The Greater Philadelphia Cultural Alliance has unveiled its most recent research report, Beyond the Check: A Roadmap for Engaging Individual Donors.
Previous research by the Cultural Alliance found that individual giving to arts and culture nationally was down 9.7% from 2009-2012, and in Southeastern Pennsylvania it was down 12.7%.
Generous support from the Wyncote Foundation has allowed the Cultural Alliance to make a fresh exploration of the motivations and barriers, perceived or real, of high-net-worth individuals when considering financial support of the arts and culture sector. A task force of wealth advisors and fundraising professionals shaped and informed the research project, which was led by The Melior Group.
“Arts organizations are having major social impact in neighborhoods and communities throughout the region and are often doing that with much less financial support than many people think they have,” says David Haas, trustee of the Wyncote Foundation. “This report shows that misconceptions about arts and culture funding are what hold many people back from supporting the sector, and the research and education that the Cultural Alliance is doing in this area will be invaluable in maintaining the health of Greater Philadelphia’s artistic ecosystem.”
The findings will lead to new strategies for individual organizations and the cultural sector as a whole. The report consists of three parts: a literature review revealing national trends in individual giving to all causes; the results of a survey to existing donors to the Cultural Alliance’s member organizations; and 18 in-depth interviews with high-net-worth philanthropists in the area, 13 of whom do not significantly support arts and culture.
“I commend the Cultural Alliance for taking on this important work,” says Eileen R. Heisman, president and CEO of National Philanthropic Trust in Jenkintown, PA. “Since most giving in this country comes from individuals, it is essential for all cultural nonprofits to make individual giving an organizational priority.”
“What came out of our series of interviews with high-net-worth individuals was that the decision not to support the arts is more often related to having different priorities and passions than it is a conscious choice to ignore the sector,” says Linda J. McAleer, president of The Melior Group. “What we found was high-net-worth donors’ decisions are based on what is important to them or to their families’ traditions and that they want to ‘feel needed’ for their intellect and abilities--not just their financial gifts.”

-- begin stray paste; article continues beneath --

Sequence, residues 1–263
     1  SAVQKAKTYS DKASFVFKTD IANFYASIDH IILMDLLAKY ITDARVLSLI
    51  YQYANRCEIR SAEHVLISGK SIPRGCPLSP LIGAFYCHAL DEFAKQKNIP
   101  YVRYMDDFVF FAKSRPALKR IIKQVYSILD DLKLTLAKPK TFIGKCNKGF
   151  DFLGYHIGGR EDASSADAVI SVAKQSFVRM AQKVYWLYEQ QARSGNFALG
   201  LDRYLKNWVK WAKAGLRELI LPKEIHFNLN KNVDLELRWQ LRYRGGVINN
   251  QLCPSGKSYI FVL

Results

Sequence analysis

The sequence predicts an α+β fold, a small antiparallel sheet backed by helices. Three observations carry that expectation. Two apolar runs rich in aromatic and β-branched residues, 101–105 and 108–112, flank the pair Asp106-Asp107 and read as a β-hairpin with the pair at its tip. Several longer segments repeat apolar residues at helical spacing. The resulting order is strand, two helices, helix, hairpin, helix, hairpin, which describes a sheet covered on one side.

Other key findings from the report include:
- Donors support causes about which they are passionate.These causes most frequently include education, religion, human services and social justice. However, there is insufficient awareness of how these issues intersect with arts and culture.
- Donors are not monolithic. Differences in generation, race, gender and sexual orientation drive the issues donors care about, their approaches to giving and ways they engage with nonprofits.
- Donors respond to meaningful engagement beyond their checkbooks. Personal connections and ways to contribute time and expertise are important. This is especially important among high-net-worth individuals and millennials.
- Donors invest in transparent organizations.They look for organizations where they feel confident that there is strong leadership and sound financial management.
As a result, the report details several ways nonprofit organizations can engage future individual donors, including prioritizing the social impact of their work and how it intersects with causes donors care about, such as education, human services and social justice; engaging everyone in their organization, including their board, in messaging their social impact consistently across all channels; and diversifying fundraising staff and empowering them to think strategically about outreach to and engagement of diverse donors.
“This research shows that the key to success in cultivating individual donors is showing an organization’s social impact on the communities it serves, from children to the elderly, from healthcare to schools and everything in between,” says Cultural Alliance president Maud Lyon. “Donors who see the arts as a solution to a community’s needs give more and more often.”
The Cultural Alliance will continue to present the findings from this research to help cultural organizations better engage individual donors. For more information on upcoming events and a full copy of the report, visit here.